I find the degree to which authors differ in their approaches to writing utterly amazing.
Alexander Alter of the Wall Street Journal has collected remarks from a variety of leading authors pertaining to the way in which they approach the process of writing, and they could not be more diverse from one another.
“Orhan Pamuk writes by hand, in graph-paper notebooks, filling a page with prose and leaving the adjacent page blank for revisions, which he inserts with dialogue-like balloons. He sends his notebooks to a speed typist who returns them as typed manuscripts; then he marks the pages up and sends them back to be retyped. The cycle continues three or four times.”
“Kazuo Ishiguro, author of six novels, including the Booker-prize winning "Remains of the Day,"typically spends two years researching a novel and a year writing it. Since his novels are written in the first person, the voice is crucial, so he "auditions" narrators by writing a few chapters from different characters' points of view. Before he begins a draft, he compiles folders of notes and flow charts that lay out not just the plot but also more subtle aspects of the narrative, such as a character's emotions or memories.”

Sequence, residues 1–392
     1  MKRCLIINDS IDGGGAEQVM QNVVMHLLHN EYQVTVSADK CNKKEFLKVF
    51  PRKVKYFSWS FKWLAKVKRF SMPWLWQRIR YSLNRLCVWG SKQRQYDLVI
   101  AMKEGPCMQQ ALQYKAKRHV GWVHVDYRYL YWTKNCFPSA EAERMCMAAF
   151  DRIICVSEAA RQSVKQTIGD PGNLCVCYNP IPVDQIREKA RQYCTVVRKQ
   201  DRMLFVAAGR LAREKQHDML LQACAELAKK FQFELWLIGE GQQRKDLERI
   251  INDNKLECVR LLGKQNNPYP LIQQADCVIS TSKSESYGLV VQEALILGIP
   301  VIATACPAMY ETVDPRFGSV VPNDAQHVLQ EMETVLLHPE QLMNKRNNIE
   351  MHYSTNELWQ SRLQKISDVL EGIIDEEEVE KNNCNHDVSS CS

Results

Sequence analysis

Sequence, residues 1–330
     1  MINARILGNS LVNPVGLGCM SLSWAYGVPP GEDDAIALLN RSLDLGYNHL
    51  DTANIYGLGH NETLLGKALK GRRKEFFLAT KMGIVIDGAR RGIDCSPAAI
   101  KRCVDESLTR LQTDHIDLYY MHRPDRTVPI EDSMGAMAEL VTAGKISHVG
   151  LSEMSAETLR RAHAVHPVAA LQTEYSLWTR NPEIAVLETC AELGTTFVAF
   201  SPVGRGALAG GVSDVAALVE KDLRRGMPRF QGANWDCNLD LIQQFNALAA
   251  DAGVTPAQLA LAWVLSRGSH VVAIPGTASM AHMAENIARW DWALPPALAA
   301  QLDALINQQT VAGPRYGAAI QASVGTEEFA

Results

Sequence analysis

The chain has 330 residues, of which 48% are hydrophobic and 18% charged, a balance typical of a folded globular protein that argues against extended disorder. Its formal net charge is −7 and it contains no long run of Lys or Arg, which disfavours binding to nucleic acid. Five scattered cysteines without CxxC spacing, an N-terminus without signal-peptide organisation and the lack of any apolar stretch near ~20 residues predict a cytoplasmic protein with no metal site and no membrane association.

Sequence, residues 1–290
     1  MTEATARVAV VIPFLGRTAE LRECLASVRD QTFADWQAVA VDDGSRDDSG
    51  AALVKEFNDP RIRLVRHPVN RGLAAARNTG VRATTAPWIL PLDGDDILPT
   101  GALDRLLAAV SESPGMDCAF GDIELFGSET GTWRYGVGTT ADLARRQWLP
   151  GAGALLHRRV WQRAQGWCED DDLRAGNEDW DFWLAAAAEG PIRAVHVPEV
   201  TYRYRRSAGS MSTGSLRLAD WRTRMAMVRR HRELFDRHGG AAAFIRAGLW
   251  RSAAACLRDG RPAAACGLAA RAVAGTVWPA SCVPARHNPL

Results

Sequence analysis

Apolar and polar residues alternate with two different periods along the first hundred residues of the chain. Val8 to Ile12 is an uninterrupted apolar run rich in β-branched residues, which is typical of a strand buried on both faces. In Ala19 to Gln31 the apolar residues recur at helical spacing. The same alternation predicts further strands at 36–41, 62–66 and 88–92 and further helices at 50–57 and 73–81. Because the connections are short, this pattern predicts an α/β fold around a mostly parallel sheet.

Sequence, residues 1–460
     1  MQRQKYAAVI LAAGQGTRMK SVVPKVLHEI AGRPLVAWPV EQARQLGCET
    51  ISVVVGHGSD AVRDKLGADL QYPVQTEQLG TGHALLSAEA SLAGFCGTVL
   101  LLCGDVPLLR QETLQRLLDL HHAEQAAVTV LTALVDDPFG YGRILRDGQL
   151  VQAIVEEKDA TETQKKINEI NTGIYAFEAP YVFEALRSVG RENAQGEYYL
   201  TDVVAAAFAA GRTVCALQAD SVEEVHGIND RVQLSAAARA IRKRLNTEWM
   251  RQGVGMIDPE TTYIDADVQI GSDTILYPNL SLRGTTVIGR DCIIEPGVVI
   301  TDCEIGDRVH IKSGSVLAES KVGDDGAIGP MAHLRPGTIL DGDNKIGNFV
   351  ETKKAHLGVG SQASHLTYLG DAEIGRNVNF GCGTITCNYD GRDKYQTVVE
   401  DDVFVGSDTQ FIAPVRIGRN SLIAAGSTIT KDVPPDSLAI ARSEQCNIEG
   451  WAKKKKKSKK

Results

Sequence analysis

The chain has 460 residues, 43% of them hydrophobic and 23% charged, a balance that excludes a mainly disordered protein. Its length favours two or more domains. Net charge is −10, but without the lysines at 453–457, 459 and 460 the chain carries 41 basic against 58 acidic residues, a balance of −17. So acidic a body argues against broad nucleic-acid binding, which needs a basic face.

“Dan Chaon writes a first draft on color-coded note cards he buys at Office Max. Ideas for his books come to him as images and phrases rather than plots, characters or settings, he says. He begins by jotting down imagery, with no back story in mind. He keeps turning the images over in his mind until characters and themes emerge.”
I sit down wherever I am, open the laptop, and begin writing.
In comparison, I feel so… uninteresting. Lame.
A veritable imposter.